Employee: “Of course! In order to reach that area, we have to go through the house of the client. The government currently advises against that.”

Me: “There is no other way?”

Employee: “The client suggested we would climb onto the shed of her neighbour, pull a ladder up, walk over the wall, and put that ladder on said wall. My mechanic did not say this to the client, but he did tell me he is not that adventurous… if you catch my drift.”

Me: “Got it, absolutely clear. Thank you for the information!”

I return to the client.

Me: “Thank you for holding. I talked to the department and the mechanic told them he cannot reach the drain safely at the moment. You are put on the list that as soon as the government says it’s okay again, they can visit you again. The drain is not fully clogged yet, so you should be fine at the moment.”

Customer: “Yes, I know.”

Me: “Excuse me?”

Customer: “I know that they didn’t do their job; I just wanted to know why. You know, why can’t they just do their job?! I’m paying for this!”

Me: “The employee is not obligated to risk life and limb, and because they didn’t do anything yet, you are not being billed. Do you have any other questions?”

Customer: “Ugh, I just can’t understand why they couldn’t do anything while they were there!”

I tried explaining it again twice, both in different terms, to no result. I eventually told the customer that when our Prime Minister would let us know all was well again, they would be called back for a new appointment.

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The Butterfly Effect Is Not A Get Out Of Jail Card

, , , , | Right | June 25, 2020

My mom works at a gas station in France that is usually open from 7:00 am to 8:00 pm every day. Her boss has decided to change the opening times following the demand decrease due to the lockdown procedures, so the gas station is open only from 9:00 am to 5:00 pm, which has been advertised on Facebook, on the company’s website, on the door of the gas station, etc.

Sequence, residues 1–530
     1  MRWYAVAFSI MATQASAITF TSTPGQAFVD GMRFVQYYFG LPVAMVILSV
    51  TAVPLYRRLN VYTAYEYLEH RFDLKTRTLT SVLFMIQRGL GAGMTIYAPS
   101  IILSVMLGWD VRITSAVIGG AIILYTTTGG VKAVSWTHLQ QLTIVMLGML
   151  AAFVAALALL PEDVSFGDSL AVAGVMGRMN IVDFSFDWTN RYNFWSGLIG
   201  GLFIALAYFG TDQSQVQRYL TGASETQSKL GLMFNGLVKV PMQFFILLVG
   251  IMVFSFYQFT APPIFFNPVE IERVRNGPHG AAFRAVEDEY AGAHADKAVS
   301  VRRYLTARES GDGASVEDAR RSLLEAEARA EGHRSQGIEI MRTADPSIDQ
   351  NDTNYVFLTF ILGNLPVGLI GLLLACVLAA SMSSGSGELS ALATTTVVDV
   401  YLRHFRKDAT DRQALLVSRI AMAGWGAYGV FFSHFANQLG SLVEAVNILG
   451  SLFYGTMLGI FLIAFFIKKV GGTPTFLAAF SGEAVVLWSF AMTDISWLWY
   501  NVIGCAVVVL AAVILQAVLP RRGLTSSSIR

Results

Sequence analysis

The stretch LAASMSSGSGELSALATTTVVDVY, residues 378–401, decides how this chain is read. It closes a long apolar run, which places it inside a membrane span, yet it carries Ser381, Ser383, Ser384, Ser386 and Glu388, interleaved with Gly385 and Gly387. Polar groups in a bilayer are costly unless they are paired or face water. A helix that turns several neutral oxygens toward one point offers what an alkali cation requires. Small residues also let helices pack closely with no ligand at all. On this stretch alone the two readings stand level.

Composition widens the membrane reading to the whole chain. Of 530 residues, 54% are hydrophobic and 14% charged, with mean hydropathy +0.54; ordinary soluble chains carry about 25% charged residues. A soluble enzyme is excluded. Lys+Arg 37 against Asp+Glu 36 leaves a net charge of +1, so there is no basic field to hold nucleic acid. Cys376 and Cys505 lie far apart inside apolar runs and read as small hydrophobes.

Safety and hygiene measures are in place, including two metres distance between people and no passengers allowed in cars except for kids.

A guy comes to the gas station demanding reimbursement for the tickets he and his wife got while driving around town one morning, because it’s all the gas station’s fault. He and his wife decided to drive together to the gas station at 8:00 am, when the gas station was usually open, had to turn back after seeing the locked door and lights out, and got spotted by the police who ticketed them for being two in the same car, which is illegal at the time.

That guy’s thinking and claim is that if the gas station had been open, they wouldn’t have gotten the tickets.

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But Aren’t All Stores The Same?!

, , , | Right | June 25, 2020

I get called over by a coworker to help with a question from a customer. She mentions something about a cash return, so I’m assuming it’s a return issue. When I get there, it’s just a normal purchase.

Me: “What’s the problem?”

Customer: “How do I get cashback?”

Me: “Oh, we don’t do cashback here, unfortunately. But there’s a [Grocery Store] just down the block!”

Customer: “What? But [Clothing Store next door] does cashback!”

The store in question has nothing to do with us. We’re a craft store; they’re a clothing store. We have different parent companies, different policies, and different POS systems. The closest thing we have to any sort of association is being next door to each other.

Me: “Yes, they might, but we’re a completely different company with different ways of doing things.”

The customer complained the entire time while checking out that we didn’t do cashback. The kicker is, I went to the clothing store next door a few days later, and they didn’t do cashback, either!